Aquifer That Once Supported the Salt Industry Now Heats and Cools Part of Syracuse's Pike Block

Apr 21, 2016

These filters extract contaminants from the brine solution before it runs through the system to heat or cool the buildings.
Credit Scott Willis / WAER News

In celebration of Earth Day, Central New Yorkers will have the chance on Saturday to visit more than 20 sites across Onondaga County to see how they’re using renewable energy.  We chose three of them and are starting with with a geothermal system underneath the pike block in downtown Syracuse.

President of IPD engineering Sam Cosamano walked through a series of doors to the mechanical room in the basement of the Witherell building.

“The high pitch whining that you’re hearing here, these are pumps running at variable speed to keep up with the needs of the building.”

The pump underneath the sidewalk on Salina Street extracts brine from an aquifer 50 to 60 feet below the basement floor.  The brine then runs through filters, followed by a titanium plate heat exchanger, before being reintroduced to the aquifer under Clinton Street.  Cosamano said this open loop system cost only 10 to 15 percent more than a conventional heating and cooling system, but saves much more on energy. 

This well sits beneath the sidewalk on Salina Street.
Credit Scott Willis / WAER News

  “We believe that it’s costing us about half of the operational cost of a conventional system. So we are not using gas fired boilers to heat in the winter, and we’re not running a cooling tower and using a lot of make-up water in the summertime.”

Cosamano says even the pumps themselves are designed to be energy efficient, something relatively new to geothermal systems.

“We put a variable speed drive on the pump in the ground, so we’re not always pulling the same amount of brine out of the ground. We’re looking at how much energy the building needs to consume, and we’re only driving the pump as hard as we need to. So, some days we may be only pulling a little brine out of the ground, and other days we may be pulling a lot of brine out of the ground. That helps us conserve energy, too.”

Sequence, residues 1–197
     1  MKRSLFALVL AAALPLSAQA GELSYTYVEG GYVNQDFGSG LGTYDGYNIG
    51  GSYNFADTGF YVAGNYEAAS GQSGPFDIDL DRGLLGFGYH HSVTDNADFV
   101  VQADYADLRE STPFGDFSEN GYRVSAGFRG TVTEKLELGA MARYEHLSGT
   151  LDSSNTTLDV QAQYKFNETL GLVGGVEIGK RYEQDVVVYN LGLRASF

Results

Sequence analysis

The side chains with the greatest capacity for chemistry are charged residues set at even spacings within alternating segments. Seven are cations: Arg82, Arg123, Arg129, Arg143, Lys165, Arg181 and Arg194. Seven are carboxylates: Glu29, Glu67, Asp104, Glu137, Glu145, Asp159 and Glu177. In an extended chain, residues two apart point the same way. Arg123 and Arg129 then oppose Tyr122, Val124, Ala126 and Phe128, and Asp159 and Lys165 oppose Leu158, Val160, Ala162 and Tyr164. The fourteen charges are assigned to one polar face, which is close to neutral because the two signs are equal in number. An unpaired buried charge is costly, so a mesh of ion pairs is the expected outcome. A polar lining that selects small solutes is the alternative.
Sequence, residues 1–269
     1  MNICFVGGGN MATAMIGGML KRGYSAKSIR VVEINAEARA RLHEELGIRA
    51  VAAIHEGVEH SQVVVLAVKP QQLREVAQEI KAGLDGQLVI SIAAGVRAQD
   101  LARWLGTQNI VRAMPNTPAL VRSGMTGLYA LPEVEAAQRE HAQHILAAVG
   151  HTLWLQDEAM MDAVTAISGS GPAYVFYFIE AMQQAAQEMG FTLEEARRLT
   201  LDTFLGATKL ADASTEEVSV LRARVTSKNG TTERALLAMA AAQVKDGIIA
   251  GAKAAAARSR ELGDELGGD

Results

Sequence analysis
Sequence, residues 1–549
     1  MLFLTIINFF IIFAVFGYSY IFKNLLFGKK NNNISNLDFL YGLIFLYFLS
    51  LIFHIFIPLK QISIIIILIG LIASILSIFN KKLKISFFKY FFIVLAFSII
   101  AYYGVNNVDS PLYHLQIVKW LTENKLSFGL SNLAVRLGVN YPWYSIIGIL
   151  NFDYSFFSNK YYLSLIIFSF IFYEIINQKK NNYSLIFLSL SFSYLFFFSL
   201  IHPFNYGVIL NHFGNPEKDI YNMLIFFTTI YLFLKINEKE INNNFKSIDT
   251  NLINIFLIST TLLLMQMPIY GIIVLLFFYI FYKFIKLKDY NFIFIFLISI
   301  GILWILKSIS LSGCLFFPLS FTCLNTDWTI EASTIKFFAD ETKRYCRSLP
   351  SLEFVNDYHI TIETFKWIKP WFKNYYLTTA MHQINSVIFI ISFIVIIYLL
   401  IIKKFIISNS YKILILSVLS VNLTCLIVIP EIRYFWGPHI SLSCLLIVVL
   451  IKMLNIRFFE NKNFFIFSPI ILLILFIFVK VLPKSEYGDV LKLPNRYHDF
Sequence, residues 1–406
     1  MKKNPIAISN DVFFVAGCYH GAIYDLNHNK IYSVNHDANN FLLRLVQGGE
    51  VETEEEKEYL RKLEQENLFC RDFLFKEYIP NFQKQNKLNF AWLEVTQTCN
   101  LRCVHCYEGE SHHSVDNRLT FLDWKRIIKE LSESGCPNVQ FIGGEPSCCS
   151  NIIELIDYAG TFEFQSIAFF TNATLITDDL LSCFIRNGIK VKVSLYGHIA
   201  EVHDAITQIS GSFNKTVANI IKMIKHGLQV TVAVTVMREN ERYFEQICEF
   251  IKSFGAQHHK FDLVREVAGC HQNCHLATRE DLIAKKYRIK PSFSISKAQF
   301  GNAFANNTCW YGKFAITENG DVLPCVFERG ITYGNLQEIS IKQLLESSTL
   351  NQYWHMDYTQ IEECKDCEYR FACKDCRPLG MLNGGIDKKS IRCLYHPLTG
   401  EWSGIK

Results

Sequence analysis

But Cosamano says there were some early complications with the now-three year-old system. 

“In our first year, the heat exchanger started to clog up on us. We investigated and there was iron based bacteria that we were getting out of the ground. So, we did a little bit of chemical engineering. As it turns out, by injecting just a little bit of hydrogen peroxide into the extraction well, we’re able to keep that under control.”

  And, he says, it’s worked well since.  But convincing customers to go geothermal for new construction or system overhauls isn’t always easy.  Cost is one factor, especially if it’s a closed loop system.  Then, the open loop system like the one downtown has inherent risks.

Brine extracted from underground travels through heat exchangers like this to heat or cool the main floor of the Pike Block Buildings.
Credit Scott Willis / WAER News

  "With conventional systems, you kind of know what you’re getting. When you’re drilling into the ground, you don’t really know what you’re going to get. So, if you have a critical building, and you want to make sure the system is going to work, some customers shy away from systems like this.”

He says the risk is paying off for the pike block.  The system heats and cools about 30,000 square feet of ground floor commercial space.

Tours are available Saturday from 11 a.m. to 3 p.m. More information on the self-guided tour of renewable energy systems at 21 locations is at ccawarenessaction.wordpress.com